Australia in Sri Lanka 2011 August 10, 2011

Hawk-Eye in, Hot Spot out for Sri Lanka series

Technology's place in reviewing the decisions of umpires became murkier still as it was confirmed Sri Lanka's limited-overs and Test series against Australia will employ a version of the DRS that utilises Hawk-Eye technology but not Hot Spot.

This arrangement, brought about by a combination of the two boards' acceptance of ball-tracking technology and the unavailability of Hot Spot cameras for the series in Sri Lanka, is almost completely the inverse of the configuration used by England and India in their concurrent Test series.

India's acceptance of Hot Spot but not ball-tracking or pitch-mapping has meant that lbw appeals cannot be referred during the series, while caught behinds and close catches are more thoroughly scrutinised.

The Sri Lankan board's position on the use of technology in the series has been fluid, pending costs and hardware availability, and the final implementation of the system means that lbw decisions will be the most keenly observed.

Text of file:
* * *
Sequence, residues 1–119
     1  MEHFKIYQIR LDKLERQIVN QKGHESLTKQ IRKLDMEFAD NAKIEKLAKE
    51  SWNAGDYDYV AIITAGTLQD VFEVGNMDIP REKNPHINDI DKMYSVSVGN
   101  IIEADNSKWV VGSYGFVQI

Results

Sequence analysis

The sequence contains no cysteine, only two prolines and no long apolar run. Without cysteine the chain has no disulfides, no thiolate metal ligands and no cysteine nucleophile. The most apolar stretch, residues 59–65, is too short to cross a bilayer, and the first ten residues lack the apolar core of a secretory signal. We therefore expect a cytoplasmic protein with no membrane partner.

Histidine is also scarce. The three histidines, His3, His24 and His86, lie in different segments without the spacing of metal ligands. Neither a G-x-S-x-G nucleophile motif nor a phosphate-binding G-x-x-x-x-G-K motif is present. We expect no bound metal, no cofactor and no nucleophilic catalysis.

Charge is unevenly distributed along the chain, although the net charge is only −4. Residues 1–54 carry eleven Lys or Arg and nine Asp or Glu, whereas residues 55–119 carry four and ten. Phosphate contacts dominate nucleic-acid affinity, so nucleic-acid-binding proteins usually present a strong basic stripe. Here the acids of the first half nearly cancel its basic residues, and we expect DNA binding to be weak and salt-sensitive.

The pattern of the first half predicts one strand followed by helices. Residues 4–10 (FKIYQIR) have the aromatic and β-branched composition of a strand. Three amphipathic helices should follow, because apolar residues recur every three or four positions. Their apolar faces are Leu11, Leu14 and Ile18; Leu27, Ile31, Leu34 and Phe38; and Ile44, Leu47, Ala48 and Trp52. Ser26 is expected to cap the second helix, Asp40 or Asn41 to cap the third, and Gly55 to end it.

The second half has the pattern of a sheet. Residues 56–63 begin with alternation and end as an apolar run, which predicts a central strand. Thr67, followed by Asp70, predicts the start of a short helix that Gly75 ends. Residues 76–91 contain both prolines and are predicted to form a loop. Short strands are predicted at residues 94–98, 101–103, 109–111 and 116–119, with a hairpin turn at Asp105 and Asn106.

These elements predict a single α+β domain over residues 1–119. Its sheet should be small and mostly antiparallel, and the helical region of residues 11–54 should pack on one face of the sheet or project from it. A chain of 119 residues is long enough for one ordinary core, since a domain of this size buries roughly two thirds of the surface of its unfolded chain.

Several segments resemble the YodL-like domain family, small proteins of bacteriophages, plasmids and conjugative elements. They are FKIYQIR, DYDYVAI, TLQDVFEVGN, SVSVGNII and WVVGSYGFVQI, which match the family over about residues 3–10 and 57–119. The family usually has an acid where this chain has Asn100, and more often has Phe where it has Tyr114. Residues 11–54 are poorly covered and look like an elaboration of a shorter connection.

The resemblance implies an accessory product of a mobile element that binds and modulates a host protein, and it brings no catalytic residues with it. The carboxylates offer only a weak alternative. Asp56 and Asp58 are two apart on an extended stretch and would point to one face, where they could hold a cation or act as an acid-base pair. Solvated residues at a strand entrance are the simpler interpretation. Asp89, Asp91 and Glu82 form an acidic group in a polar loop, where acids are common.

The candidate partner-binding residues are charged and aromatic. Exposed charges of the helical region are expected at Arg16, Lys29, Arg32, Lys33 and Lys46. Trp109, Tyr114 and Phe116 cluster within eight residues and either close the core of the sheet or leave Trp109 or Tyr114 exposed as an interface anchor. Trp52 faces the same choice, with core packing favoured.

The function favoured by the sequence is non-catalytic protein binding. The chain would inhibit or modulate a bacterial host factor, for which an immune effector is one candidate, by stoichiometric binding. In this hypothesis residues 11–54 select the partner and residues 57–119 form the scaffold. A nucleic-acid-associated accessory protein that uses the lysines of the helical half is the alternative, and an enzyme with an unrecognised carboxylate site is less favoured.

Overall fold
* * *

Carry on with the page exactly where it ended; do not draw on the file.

Final confirmation of the use of one technology but not the other arrived after the match referee Javagal Srinath's pre-series meeting with the two captains, Tillakaratne Dilshan and Michael Clarke. Srinath will preside over the limited-overs matches, in which each team is granted one unsuccessful decision review per innings, before Chris Broad takes over for the Tests, where two unsuccessful reviews per innings are permitted.

The DRS and its inconsistent use by various countries will continue during the Australian summer. New Zealand are scheduled to play two Tests against the hosts and will agree to the employment of all available technology for the series, before India's arrival will mean the removal of lbw reviews and ball-tracking.

Elsewhere the one-off Test between Zimbabwe and Bangladesh in Harare did not employ the DRS for reasons of cost, a problem that will persist so long as the technology is funded by broadcasters and host boards without recourse to a central fund or sponsorship.

Daniel Brettig is an assistant editor at ESPNcricinfo